Re the knife: can you refer to it as “the Adventurer’s knife”? If not then I probably broke the ownership relation again. -_-

Re all of these: anyone who points out a bug which is then fixed gets their name hidden in the game somewhere. Would you like to be credited “Merlin Fisher” or something else? (You can send a PM if you don’t want it publicly known.

And which syntax did you find frustrating/are there alternative phrasings that would have been more intuitive? I’m trying to avoid guess-the-verb if at all possible, with direct hints in the game if necessary (e.g. for AIM THE PALANTIR SOUTHEAST).[/spoiler]

I’m curious as well. Also: at what point did it start to slow down? Were any particular actions very slow?

I ran it on Glulx via Windows 7.

Things began to get very slow around the time I was

[spoiler]instructing the serage-controlled adventurer to do stuff, and got very slow after I pulled some junk from the junk pile in the storage room. If there are every-turn rules affecting the inventory or all items currently “on stage”, that might explain the latter problem.

oh, and one other bug I forgot to mention: if you get the purple tome out of the checkout room in act 1, the tome teleports back into the checkout room when act 2 starts, even if you were carrying it.[/spoiler]

have not tried Git. I had some difficulty digging up current interpreters; can you furnish me with a good download link?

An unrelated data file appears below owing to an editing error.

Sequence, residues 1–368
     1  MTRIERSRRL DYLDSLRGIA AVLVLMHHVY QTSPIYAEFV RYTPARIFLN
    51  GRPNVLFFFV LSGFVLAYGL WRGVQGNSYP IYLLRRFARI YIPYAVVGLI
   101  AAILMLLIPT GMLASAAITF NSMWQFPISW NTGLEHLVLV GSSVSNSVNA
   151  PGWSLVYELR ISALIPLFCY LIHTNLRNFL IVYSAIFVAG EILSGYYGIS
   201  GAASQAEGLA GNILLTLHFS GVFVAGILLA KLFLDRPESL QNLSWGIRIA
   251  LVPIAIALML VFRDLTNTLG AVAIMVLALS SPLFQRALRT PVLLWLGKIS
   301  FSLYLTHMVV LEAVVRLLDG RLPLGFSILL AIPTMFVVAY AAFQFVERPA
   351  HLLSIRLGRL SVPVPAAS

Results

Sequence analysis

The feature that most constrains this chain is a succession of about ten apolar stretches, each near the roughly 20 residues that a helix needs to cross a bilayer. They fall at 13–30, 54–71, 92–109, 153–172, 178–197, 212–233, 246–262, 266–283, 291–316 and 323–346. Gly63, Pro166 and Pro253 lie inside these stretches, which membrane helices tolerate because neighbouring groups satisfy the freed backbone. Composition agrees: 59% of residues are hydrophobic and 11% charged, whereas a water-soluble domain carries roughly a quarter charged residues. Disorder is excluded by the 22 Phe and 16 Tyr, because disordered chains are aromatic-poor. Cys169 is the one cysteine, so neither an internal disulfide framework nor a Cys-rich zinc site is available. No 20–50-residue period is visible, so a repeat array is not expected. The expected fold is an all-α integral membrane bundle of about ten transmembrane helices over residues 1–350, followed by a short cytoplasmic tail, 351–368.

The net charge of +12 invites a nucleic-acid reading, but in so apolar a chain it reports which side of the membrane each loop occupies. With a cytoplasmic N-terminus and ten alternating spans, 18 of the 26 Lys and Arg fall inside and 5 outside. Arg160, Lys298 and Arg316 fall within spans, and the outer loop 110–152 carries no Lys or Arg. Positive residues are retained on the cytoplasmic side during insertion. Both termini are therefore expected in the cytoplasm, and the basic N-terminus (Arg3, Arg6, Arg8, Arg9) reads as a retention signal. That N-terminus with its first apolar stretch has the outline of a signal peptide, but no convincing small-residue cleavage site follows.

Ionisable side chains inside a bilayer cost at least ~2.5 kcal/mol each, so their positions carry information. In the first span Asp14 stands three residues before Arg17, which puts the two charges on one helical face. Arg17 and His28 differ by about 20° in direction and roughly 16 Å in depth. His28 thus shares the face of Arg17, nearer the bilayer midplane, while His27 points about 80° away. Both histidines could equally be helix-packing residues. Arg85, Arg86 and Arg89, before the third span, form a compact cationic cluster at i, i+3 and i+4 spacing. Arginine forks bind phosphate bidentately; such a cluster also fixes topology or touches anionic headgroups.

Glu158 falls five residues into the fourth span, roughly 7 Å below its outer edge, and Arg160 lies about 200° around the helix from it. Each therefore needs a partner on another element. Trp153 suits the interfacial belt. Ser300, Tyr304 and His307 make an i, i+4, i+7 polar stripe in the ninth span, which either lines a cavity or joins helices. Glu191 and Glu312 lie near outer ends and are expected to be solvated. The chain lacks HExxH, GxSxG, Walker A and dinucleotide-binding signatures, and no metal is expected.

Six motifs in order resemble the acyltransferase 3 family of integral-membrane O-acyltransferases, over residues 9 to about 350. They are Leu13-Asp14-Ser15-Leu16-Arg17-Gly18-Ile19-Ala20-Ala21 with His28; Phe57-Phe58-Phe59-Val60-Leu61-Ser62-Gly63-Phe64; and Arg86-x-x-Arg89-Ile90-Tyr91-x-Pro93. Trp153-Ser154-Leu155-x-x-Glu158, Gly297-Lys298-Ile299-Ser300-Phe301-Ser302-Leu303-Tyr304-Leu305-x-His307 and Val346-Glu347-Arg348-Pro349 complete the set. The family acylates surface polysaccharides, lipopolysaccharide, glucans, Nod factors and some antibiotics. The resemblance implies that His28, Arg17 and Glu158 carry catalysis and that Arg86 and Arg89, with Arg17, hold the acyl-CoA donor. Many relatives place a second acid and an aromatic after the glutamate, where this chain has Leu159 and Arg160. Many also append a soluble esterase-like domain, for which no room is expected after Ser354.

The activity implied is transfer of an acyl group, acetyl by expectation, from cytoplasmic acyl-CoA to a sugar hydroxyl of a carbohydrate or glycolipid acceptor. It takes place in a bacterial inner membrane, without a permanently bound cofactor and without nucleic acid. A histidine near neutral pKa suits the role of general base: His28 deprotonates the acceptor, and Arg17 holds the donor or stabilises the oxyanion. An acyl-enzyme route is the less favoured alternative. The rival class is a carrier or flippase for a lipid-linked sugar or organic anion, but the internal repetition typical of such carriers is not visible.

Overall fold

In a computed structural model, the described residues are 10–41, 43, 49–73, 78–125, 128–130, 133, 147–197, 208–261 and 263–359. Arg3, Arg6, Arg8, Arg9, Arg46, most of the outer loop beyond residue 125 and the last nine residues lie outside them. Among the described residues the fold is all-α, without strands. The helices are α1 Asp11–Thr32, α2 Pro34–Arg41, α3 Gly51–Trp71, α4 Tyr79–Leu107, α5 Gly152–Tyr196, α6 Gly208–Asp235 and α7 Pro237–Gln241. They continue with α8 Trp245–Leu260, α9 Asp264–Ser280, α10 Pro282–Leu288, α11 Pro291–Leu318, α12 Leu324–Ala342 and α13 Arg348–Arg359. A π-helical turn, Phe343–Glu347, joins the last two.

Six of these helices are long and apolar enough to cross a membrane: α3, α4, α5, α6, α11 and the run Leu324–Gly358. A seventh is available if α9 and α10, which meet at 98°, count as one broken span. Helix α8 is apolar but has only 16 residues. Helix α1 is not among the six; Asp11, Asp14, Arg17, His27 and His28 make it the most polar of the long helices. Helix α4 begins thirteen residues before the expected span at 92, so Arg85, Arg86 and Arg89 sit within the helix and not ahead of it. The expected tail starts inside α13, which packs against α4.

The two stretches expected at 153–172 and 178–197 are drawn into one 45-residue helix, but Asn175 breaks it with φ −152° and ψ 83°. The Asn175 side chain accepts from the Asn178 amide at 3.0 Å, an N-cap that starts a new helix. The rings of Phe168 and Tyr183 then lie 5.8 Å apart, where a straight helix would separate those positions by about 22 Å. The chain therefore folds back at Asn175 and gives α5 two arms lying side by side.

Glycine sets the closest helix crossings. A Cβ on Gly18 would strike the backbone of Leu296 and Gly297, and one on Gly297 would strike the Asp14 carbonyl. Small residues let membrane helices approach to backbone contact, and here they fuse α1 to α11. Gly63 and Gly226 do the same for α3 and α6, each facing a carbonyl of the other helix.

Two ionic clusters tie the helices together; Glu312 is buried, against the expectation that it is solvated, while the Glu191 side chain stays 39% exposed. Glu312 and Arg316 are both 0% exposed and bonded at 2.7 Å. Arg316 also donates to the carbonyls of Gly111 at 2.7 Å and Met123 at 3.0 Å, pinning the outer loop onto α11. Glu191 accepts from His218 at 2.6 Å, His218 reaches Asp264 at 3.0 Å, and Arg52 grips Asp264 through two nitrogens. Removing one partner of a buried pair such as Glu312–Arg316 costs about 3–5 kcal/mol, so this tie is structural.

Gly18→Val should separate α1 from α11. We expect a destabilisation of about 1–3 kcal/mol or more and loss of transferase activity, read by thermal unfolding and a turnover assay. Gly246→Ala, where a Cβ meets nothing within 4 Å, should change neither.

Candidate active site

Git isn’t easy to find, but it’s available here. It tends to be much faster than Glulxe.

I’ll look into the slowdown and see if I can reproduce it. I think there may be a badly-phrased “if the player is carrying a…” check somewhere that does an expensive check for every inventory object.

I wonder whether Glulxe and Git savegames are interchangeable. They should be, right? That’ll make it easier to see whether the interpreter change did make a difference!

I believe they both use the Quetzal format, in which case they should be interchangeable. It’ll be a cool experiment either way.

Funny story, the first thing I did was:

[spoiler]>REZROV NORTH

Turns out that makes it impossible to progress, but it took me a while to examine everything else and figure out that I was actually stuck. After restarting, REZROV DOOR did the trick. But, you might want to add that synonym…[/spoiler]

I think you’re the first person to try that! It’ll be fixed in the next patch.

Out of curiosity, will the next patch fix what you see as all the issues? D’you have a list of known issues/enhancements that you’re going through? Do you foresee reaching the end of this list and releasing a version that you feel is final (bar any totally unexpected bug reports which can happen any time)?

Logic dictates that at some point you’ll run out of bug fixes and enhancements, but what does logic know, heh? :wink:

@Peter Given the complexity of this game, I would be shocked if it were ever bug free, even with a team of testers and programmers. When I worked in the video game industry, it wasn’t “When will all the bugs be gone?” but “When will the game be playable enough that people won’t hate us?”, because bugs never stop popping up. Draconis is only different from other authors in that they choose to acknowledge it and try to fix it.

Thanks for the chastisement. I was asking Draconis because I am interested in the development of the game, admire his willingness to keep correcting it, and because if another patch is imminent I’ll hold off playing it until then because I want to make sure to play the best version of the game I possibly can.

At the moment I have only the one outstanding bug and one enhancement, which I’m hoping to finish by the weekend. The next (unreleased) sections are still horribly bug-riddled but my goal is to release at least a bit more of the story by the start of June.